Salt Shed’s owners Londoners Laurence Stevens and Francis Sweeney were best friends at school and began curing salt beef at University to impress their friends. They decided to turn their hobby into a job and the proud Londoners are now on a mission to recreate and develop the East End flavour of salt beef using modern cooking styles and cuts of meat.
Although they use a traditional salting method, as well as brisket they also salt finer cuts of beef short rib, which they then sous-vide low and slow until tender, and follow with an aggressive Argentinian style flame grill. They serve it with honey mustard glaze, chilli-churri and mixed fries (£10).
Frank says: “We are both from south east London and saw this as a great opportunity to be part of the project to rejuvenate the area and turn the old Public Woolwich into something special.”
Other items on the menu include a butterflied lamb steak with a rosemary garlic marinade, chilli sauce, mint yoghurt and fries (£12); crackling pigs tails with honey mustard glaze (£5); cauli cheese (£6), fried olives with pesto, yoghurt and chili dip (£5) and mixed fries made from potatoes and carrots (£3.50).
Owner Craig Povoas set up Burger And Beyond four and a half years ago and is also part of Street Feast venues Giant Robot and Dinerama in Shoreditch as well as Kerb Camden and Camden’s Daughter in Kentish Town.
“Street Feast is a great thing to be part of a leader in the pack of what it does,” he said.
Burgher and Beyond serves prime beef patties with cuts of chuck, prime rib and sirloin in every burger.
The menu includes two burgers with 45-day aged patties – The Hot Mess (£8) with pepper jack cheese, jalapeños, chipotle mayo and the Cheeseburger (£7) with double American cheese, onions, smokey mayo. The ultimate indulgence is The BBB (Bacon Butter Burger, £10) — a 90-day aged patty with double American cheese, crispy bacon, burnt butter mayo and onion. Waffle fries with secret sauce (£3) and deep-fried Parmesan tater tots with crispy bacon shards (£6) are available as side orders.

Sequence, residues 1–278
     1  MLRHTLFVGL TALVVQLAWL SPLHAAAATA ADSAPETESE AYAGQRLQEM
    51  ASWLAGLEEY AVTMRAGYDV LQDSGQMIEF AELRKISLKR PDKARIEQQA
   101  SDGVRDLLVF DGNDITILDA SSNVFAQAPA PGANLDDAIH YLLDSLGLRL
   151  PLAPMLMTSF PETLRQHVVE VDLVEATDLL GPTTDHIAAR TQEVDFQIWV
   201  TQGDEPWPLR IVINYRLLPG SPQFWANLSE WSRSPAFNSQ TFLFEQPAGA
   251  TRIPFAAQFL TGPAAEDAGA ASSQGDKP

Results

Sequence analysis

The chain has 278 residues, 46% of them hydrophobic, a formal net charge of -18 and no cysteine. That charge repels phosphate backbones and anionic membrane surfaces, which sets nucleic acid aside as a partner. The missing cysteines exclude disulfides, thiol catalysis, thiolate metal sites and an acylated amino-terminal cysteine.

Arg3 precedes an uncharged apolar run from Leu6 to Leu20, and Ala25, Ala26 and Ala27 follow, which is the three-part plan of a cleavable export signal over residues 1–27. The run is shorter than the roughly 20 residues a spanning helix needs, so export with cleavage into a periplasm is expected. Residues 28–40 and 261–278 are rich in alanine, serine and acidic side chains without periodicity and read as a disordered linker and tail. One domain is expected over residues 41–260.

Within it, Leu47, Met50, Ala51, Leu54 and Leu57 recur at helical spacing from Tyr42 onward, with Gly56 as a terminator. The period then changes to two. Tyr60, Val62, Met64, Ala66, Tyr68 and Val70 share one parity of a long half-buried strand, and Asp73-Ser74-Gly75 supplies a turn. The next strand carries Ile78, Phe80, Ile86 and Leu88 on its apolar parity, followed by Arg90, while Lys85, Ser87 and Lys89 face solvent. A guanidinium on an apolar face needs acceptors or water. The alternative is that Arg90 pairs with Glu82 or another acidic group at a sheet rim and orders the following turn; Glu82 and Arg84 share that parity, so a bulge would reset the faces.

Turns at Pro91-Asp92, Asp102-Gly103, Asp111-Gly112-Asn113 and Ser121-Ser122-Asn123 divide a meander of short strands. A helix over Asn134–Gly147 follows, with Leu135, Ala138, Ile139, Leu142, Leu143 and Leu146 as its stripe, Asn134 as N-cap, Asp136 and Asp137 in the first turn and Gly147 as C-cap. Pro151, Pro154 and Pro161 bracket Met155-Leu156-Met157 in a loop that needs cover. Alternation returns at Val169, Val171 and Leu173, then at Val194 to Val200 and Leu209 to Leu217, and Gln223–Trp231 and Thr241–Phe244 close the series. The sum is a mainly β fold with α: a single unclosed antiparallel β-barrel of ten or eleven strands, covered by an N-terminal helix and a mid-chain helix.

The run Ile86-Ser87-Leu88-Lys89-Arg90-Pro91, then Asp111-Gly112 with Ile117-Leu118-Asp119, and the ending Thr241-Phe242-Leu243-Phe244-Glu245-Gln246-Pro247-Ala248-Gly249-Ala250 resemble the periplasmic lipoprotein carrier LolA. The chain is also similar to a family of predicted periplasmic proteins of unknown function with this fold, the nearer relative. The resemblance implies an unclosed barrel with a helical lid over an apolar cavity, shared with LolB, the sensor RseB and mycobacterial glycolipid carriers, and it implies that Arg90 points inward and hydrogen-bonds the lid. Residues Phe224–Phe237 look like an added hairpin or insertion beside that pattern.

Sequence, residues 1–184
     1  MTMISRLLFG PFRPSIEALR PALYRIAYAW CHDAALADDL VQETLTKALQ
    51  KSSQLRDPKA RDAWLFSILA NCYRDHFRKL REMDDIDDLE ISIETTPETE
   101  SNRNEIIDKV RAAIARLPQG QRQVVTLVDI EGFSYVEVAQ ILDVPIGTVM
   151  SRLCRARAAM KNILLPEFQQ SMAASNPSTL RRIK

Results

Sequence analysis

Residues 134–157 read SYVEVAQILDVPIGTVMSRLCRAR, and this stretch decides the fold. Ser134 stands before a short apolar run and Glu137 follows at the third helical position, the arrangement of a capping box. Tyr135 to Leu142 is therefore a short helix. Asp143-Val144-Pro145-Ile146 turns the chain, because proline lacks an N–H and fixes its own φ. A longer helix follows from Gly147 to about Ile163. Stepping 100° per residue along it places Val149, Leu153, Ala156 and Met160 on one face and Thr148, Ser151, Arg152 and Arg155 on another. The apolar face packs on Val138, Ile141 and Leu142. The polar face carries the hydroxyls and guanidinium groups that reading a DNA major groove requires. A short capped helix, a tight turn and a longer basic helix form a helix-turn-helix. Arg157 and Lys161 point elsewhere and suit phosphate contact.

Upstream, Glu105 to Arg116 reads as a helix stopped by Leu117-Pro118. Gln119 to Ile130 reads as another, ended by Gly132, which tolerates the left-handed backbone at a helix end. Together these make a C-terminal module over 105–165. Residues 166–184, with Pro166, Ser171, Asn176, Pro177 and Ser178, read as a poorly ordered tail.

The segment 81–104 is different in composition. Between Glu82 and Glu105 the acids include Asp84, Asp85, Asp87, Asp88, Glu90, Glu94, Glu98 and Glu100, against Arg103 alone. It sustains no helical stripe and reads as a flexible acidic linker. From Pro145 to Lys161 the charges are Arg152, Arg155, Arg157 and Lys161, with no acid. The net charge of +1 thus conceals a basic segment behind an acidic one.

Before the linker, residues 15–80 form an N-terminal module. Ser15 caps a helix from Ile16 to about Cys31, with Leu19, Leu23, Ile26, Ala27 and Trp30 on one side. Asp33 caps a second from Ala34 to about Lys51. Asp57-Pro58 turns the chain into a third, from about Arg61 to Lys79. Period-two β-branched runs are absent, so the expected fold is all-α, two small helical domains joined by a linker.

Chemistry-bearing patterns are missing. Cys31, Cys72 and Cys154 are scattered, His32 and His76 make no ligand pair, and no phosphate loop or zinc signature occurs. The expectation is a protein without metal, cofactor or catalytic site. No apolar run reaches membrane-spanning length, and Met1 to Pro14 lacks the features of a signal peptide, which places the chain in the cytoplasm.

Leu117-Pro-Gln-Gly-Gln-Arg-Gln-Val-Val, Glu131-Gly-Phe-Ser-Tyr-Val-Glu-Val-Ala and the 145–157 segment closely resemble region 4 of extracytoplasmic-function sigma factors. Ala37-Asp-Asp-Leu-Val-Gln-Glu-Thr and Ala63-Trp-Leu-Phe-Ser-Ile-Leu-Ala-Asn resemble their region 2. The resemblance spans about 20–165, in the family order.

Yum Bun and Yumplings is a Street Feast veteran which also trades at Giant Robot where Yum Buns offers traditional steamed buns stuffed with slow-roasted pork belly, Japanese fried chicken, crispy cod or crispy tofu. Yumplings adds steamed dumplings to the menu which are filled with pork, xian-style sauce and sesame seeds or mushrooms, roasted cashews and green oil.
Street Vin is 21 year old Bartender Michela Risso’s operation and while originally from Piedmont in northern Italy, known for its Barolo she only became interested in the wine businesswhen she moved to the UK.
Now a Brixton resident she works full-time serving up glasses of red, white, rose and fizz from across the world.
Her pick of her wine list is the Wild Boy Chardonnay (£45/bottle): “I love the creaminess and the toasty notes. It’s very versatile with the food traders we have here.”
At the Market Bar you can taste the likes of Frontier, Cornish Orchards Cider, Kozel, Spaten, Goose Island Midway and Sierra Nevada on draught (£4.75-5.85); Corona, Pacifico Clara, Goose 312 Wheat Ale, Budweiser Prohibition in bottles and cans (£3-5.50); as well as highballs of Elderflower Spritz and Tequila Limeade (£8) and Pint Sized Cocktails (£10).
Gin Kitchen does what is says and meets the latest drinks craze. Choose from Bombay Sapphire, Star of Bombay, Sipsmith, Miller’s W, Tanqueray, Plymouth Navy, Tanqueray 10, Death’s Dor, Juniper and West Winds (£7-8). Or step up to get a Negroni (£7.50), Golden Americano (£8) or Direct Martini (£9) cocktail.
After gin, rum is said to be next and Rumhole is already in the space serving cocktails like the Zombie (£12), Mai Tai (£8.50) and Giant Pina Colada (£15)
The Union Bar Pool Deck offers that traditional combo of both pool and drinks, great for an after work meeting on a Friday or an afternoon/evening sesh on Saturdays.
Public, Plumstead Road, London, SE18 7BZ; 5pm-late Friday and Saturday from noon.